Virgil Cottini is the kind of loyal, paying customer that credit card companies used to actively woo.
The Spring Hill retiree has run a fluctuating balance on the Chase Visa card he has held more than 10 years, but faithfully paid more than the monthly minimum through the years. When Chase wanted to raise his rate once, a simple phone call brought it back down to 9.99 percent.
He found out the hard way how the rules have changed. His rate this summer was hiked to a 16.24 percent variable rate, and this time a phone call to a Chase representative only compounded his frustration.
"She said Chase Visa has been doing this since November of last year, and there was nothing I could do," Cottini said. "This is America and I'm all for free enterprise, but to get hit over the head is another thing."
Remember the old days — of a year or so ago — when offers for low-interest credit cards were plentiful for those with a decent-paying job and a track record of paying at least the monthly minimums?
Under the new rules, credit card companies are hiking interest rates into the double digits, slashing limits, closing accounts, offering far fewer teaser rates, hiking balance transfer and cash advance fees and shifting customers to variable rates. Changes have been building throughout the year — part due to the recession and part to beat new consumer protections going into effect next year.
To some longtime watchers of the credit card industry, however, this is more than a cyclical clamp-down to offset rising credit card defaults. It's a transformation of the card companies' core business model.
Out with the "revolvers," those customers who carried a balance and kept current paying at least the monthly minimums. In with wealthier card customers who typically pay off monthly balances in full but are willing to pay annual memberships or fees for the perks of ownership. Like points toward cheaper airfare, hotel rooms or retail purchases.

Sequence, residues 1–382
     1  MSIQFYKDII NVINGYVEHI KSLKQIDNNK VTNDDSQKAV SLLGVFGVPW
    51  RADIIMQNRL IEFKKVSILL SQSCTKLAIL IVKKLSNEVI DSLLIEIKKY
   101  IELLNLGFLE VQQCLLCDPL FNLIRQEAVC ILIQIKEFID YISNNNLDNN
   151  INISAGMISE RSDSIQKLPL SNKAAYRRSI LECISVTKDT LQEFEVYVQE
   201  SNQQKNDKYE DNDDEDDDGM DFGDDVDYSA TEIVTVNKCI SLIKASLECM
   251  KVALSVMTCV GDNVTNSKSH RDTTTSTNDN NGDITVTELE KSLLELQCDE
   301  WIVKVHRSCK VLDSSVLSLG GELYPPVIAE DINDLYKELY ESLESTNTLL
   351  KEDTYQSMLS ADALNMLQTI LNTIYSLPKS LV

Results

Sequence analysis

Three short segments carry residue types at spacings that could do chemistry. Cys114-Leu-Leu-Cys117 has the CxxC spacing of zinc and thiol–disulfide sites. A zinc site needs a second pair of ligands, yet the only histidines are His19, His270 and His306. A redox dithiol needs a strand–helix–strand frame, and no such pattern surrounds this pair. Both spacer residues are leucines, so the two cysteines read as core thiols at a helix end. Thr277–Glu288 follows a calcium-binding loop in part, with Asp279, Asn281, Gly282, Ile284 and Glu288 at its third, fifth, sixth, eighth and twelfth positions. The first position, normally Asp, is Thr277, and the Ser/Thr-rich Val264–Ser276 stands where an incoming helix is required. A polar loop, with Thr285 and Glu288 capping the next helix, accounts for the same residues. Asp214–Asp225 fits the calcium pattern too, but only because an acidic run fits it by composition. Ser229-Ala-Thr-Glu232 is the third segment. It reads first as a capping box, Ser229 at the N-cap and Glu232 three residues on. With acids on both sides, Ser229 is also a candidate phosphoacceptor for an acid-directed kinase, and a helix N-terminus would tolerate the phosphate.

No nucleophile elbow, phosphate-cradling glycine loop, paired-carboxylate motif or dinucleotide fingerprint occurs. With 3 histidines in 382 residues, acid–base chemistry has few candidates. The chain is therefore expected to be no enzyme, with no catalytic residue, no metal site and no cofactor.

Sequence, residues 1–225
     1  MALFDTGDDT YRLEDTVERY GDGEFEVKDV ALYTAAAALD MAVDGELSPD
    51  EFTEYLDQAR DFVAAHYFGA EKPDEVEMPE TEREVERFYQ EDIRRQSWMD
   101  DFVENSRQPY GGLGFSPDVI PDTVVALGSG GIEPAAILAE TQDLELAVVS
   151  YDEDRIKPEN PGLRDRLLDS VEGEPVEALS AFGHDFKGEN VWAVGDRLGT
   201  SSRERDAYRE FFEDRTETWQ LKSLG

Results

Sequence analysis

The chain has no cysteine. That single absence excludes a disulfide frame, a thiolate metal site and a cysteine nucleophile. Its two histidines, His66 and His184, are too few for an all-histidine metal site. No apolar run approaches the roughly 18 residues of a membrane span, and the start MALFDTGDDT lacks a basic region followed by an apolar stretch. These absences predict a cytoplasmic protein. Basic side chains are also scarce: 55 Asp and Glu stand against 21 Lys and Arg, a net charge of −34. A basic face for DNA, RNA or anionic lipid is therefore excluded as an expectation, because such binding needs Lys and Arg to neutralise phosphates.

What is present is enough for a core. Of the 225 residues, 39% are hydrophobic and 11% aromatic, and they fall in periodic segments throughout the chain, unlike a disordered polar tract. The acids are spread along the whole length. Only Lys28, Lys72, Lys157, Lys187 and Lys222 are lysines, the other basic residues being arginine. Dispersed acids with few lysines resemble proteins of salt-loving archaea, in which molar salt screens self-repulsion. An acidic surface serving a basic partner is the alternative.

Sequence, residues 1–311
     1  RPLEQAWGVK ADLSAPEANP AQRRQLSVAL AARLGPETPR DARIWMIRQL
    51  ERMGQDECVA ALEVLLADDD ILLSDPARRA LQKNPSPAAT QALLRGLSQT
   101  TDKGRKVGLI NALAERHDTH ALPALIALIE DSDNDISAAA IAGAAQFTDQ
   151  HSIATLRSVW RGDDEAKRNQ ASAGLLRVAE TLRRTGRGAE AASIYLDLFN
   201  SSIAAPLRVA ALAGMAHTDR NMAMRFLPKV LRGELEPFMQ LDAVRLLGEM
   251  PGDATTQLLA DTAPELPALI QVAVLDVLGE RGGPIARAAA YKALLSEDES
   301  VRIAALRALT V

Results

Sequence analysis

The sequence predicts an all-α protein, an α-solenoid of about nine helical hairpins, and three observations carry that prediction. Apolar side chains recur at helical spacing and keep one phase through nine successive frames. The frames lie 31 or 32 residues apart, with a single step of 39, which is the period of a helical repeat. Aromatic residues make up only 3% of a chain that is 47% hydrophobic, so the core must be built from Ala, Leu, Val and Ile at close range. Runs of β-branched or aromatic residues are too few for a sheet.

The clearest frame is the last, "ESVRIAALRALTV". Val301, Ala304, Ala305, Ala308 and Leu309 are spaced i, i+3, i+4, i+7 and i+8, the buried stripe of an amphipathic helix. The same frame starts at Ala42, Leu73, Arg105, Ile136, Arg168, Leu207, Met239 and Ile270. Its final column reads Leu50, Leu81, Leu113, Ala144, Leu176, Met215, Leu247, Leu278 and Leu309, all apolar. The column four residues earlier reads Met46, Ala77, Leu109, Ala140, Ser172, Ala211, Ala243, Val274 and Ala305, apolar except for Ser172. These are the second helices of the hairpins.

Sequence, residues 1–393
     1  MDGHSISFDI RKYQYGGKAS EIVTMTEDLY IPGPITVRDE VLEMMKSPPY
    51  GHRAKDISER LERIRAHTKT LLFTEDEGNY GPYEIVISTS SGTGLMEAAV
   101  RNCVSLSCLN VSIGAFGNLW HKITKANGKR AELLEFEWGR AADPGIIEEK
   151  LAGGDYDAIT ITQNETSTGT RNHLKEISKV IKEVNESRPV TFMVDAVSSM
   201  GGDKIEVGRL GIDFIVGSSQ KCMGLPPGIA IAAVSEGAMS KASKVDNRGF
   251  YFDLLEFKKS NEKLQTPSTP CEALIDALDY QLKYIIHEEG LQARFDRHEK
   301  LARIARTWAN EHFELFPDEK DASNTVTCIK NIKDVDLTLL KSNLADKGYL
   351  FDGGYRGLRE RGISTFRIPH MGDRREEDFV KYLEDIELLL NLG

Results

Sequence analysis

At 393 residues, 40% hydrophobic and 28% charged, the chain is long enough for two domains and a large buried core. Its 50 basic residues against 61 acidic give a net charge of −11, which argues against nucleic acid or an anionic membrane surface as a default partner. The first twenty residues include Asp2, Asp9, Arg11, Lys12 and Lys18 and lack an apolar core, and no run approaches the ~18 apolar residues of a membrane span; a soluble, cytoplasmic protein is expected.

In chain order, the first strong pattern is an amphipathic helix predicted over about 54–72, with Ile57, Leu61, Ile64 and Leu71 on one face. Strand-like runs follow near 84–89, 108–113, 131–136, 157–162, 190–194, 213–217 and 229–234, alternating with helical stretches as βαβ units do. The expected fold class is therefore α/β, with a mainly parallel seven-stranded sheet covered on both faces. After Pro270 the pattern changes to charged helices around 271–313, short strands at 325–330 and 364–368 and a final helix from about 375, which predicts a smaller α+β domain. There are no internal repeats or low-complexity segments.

"It's weird because the bread-and-butter customers for years were the revolvers," said Curtis Arnold, founder of Cardratings.com. "It used to be if you had that good credit score, it helped you to be Teflon. . . . Folks with good credit scores left and right are now seeing rates jacked, lines cut. I know. I've got good credit. I track it. And I've seen it happen."
The Office of the Comptroller of the Currency recently released a survey indicating 68 percent of lenders tightened credit card underwriting standards in 2009, almost double the number in the 2008 survey (35 percent).
Another gauge of the squeeze: Americans received 349.1 million credit card offers in the mail in the second quarter of this year, according to Synovate's Mail Monitor, which tracks direct mail. Though that sounds hefty, it's down 67 percent from more than 1 billion offers a year ago.
The dawn of plastic
As recently as 20 years ago, only half the country held credit cards. Then came the democratization of credit — easier access to credit cards and other forms of borrowing, like home loans. By the time the recession took hold, roughly three-fourths of all households held at least one credit card.
And they used the cards liberally. The average U.S. household credit card debt rose from $3,400 in 1990 to about $10,700 last year, according to CardTrak.com.
As the recession picked up steam, credit cards have become a lifeline for some to pay for groceries, utilities, even mortgage or rent payments. More than one-third of low- and middle-income households used credit cards to cover basic living expenses in five of the past 12 months, according to a survey released last month by Demos, a public policy research group.
"It's really a tough situation," said Bill Hardekopf, CEO of LowCards.com and author of The Credit Card Guidebook. "Families have put themselves in a situation where they're run up too much credit just as credit card companies are jacking up the rates on people who have a high balance."
The total amount of revolving consumer credit card debt has shrunk from a high of $974 billion last year to $917 billion as of June, the Federal Reserve estimates.
Peter Garuccio, a spokesman for the American Bankers Association who tracks credit cards, doesn't think that shrinkage is due solely to card companies tightening credit and charging off uncollectible debt. Recession-wary consumers are also charging less.